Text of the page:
Answer each question in a minimum of 100 words each. Use correct spelling and grammar. Cite sources as necessary.
Psychological thought has evolved from philosophical inquiry to scientific research. In your own words, describe the value of different perspectives in the field and the need for the subdivisions you read about in Lesson 1.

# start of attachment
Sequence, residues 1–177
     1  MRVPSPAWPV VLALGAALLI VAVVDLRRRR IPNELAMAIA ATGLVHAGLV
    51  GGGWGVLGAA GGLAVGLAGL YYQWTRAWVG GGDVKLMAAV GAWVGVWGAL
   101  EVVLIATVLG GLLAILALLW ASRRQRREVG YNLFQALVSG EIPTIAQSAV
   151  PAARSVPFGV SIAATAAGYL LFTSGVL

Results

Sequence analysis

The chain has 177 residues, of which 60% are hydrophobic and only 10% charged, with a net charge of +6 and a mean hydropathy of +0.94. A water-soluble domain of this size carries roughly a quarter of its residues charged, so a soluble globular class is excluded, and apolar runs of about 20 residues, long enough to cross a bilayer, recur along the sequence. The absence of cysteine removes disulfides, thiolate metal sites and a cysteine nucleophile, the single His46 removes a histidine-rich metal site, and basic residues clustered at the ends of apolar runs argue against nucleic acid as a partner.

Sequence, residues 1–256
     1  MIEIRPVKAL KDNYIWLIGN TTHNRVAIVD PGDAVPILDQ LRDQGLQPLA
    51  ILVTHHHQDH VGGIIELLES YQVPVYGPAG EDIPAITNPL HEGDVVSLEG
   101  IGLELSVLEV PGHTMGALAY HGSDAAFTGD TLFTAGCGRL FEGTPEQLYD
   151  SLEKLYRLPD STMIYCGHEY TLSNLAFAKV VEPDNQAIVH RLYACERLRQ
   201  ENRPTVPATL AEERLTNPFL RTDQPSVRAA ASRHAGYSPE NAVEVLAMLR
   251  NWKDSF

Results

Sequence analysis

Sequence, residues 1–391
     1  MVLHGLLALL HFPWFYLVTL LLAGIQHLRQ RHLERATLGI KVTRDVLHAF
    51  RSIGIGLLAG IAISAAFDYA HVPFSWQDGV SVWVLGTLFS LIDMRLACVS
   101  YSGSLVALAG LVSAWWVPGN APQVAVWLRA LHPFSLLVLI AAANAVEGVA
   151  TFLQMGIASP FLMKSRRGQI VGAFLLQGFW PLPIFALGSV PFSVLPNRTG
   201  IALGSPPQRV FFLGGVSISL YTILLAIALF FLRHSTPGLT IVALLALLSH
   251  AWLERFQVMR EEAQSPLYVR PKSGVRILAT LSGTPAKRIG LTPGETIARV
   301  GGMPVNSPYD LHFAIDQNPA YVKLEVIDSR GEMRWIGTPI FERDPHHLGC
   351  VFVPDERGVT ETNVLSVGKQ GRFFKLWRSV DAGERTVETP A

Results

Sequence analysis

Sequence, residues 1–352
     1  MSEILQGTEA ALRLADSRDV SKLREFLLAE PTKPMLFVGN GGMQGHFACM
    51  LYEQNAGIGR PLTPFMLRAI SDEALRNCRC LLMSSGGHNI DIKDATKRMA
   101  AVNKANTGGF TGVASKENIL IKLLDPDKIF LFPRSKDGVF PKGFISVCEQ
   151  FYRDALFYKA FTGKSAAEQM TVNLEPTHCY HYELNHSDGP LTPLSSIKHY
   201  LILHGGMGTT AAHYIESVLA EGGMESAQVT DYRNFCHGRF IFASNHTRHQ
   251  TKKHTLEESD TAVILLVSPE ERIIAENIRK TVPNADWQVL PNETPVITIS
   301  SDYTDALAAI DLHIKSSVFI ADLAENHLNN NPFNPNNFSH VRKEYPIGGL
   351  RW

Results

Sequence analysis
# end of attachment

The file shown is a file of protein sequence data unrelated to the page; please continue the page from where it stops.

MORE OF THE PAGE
Psychological thought has evolved from philosophical inquiry to scientific research. Describe the value of different perspectives in the field and the need for the subdivisions in your own words